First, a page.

Whitney Museum of American Art
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Case Study: Whitney Museum
• Data Mining – Getting to know our audience
– Challenge: Need to grow the AF when we have decreasing
access to our best donors.
– Ah ha moment!: 83% of our revenue coming from 17% of
donors; less and less available for asks.
– What to do: Start “renewing” donors as we would
members; strategize with MGOs about timing and confirm
at start of FY.
– Results: Far less time spent reviewing this audience;
improved consistency of giving YoY. Anticipated shortfalls
that could be made up elsewhere when donors go offline.
The Art Institute of Chicago
Whitney Museum of American Art
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Case Study: Whitney Museum
• Predictive Modeling
– Goal: identify new donors as our access to existing donors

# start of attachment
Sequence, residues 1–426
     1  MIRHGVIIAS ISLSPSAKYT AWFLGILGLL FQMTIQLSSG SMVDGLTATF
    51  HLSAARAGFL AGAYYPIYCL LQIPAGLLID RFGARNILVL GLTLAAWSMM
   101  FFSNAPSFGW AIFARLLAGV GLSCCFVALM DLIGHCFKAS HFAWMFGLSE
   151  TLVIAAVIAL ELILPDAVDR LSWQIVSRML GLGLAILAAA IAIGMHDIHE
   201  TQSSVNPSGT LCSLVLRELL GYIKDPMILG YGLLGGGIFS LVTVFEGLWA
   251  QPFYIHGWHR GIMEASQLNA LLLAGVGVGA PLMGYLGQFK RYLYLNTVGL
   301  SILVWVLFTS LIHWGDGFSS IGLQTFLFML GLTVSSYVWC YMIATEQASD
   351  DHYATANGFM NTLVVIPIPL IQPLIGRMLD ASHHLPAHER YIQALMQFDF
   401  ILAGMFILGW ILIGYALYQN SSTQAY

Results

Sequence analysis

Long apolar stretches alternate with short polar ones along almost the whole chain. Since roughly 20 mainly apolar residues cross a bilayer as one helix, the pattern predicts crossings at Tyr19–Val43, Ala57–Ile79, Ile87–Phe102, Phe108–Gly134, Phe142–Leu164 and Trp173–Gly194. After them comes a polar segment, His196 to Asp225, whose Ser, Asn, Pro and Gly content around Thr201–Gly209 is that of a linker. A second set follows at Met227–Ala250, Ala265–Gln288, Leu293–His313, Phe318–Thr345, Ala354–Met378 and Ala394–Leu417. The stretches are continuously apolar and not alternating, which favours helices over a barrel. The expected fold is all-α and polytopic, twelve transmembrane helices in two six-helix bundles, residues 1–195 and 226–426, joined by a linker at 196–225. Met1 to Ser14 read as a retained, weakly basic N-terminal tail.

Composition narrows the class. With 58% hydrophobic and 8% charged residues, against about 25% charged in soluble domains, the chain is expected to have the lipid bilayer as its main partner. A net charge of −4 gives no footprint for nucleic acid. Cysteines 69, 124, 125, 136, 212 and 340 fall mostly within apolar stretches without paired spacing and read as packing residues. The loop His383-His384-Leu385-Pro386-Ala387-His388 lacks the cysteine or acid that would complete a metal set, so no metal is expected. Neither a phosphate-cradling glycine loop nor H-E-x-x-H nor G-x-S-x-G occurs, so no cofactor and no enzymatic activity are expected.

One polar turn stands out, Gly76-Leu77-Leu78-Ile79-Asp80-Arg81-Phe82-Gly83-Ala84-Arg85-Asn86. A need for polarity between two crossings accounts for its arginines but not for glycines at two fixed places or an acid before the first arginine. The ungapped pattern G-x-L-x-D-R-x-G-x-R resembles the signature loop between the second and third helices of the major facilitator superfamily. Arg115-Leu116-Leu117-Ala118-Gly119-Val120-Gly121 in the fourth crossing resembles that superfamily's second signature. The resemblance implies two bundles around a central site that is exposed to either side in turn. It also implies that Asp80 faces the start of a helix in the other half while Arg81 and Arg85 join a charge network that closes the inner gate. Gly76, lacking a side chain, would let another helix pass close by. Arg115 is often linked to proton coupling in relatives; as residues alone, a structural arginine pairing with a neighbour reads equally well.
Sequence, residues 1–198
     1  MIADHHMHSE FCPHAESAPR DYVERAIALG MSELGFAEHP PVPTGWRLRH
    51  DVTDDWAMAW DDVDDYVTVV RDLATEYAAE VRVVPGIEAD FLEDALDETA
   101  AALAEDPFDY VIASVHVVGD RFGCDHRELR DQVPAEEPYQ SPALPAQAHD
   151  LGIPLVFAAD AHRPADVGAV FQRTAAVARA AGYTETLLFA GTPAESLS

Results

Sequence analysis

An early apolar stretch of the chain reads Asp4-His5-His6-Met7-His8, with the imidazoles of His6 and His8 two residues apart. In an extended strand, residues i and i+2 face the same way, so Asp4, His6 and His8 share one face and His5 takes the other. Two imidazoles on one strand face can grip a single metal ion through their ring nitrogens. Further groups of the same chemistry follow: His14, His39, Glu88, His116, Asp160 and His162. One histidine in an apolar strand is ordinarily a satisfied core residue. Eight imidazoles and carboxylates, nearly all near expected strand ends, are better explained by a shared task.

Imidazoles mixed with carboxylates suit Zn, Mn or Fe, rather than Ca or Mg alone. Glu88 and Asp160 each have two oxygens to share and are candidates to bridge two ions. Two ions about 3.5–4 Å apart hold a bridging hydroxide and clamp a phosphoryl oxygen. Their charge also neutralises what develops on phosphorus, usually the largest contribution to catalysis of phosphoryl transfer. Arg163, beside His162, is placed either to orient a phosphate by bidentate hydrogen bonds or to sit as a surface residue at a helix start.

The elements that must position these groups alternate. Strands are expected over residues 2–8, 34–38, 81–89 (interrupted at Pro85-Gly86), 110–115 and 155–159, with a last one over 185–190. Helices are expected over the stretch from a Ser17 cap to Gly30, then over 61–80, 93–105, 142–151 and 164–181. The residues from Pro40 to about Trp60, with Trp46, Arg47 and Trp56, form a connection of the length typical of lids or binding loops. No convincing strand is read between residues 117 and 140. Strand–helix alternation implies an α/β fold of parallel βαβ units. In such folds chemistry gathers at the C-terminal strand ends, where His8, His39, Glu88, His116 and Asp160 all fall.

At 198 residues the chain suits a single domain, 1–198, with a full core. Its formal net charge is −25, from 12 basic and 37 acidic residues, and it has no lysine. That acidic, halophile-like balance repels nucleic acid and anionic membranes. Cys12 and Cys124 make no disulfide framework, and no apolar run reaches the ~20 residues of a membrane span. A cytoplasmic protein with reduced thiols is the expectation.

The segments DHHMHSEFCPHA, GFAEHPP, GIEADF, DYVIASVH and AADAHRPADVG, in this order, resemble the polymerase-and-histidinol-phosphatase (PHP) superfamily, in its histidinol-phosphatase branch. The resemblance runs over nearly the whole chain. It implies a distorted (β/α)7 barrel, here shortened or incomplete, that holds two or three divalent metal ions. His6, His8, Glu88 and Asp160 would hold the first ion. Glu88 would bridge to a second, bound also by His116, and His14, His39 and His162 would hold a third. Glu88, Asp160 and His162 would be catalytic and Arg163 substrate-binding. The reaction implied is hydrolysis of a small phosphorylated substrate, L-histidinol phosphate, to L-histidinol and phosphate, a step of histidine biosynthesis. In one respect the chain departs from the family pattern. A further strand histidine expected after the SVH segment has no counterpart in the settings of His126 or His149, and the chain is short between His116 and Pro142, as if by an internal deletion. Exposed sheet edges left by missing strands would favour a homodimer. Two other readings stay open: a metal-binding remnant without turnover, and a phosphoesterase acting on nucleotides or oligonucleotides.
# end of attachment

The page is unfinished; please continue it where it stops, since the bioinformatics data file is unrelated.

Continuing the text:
decreases
– Model: Likelihood to give
– Results:
• 56% of solicited revenue came from top decile
• 62% of new donors were rated 1-3
• Only 6% of revenue came from deciles 5-10; represented a more
significant portion of mail file.
– Actionable Next Steps: Stop mailing anyone rated 5+; reduce
mail quantities. Ramp up mailing to top deciles. Identify
lookalikes from other source lists.
The Art Institute of Chicago
Whitney Museum of American Art
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Case Study: the Art Institute
• How can we increase net revenue?
• Challenges:
– Revenue varied significantly each year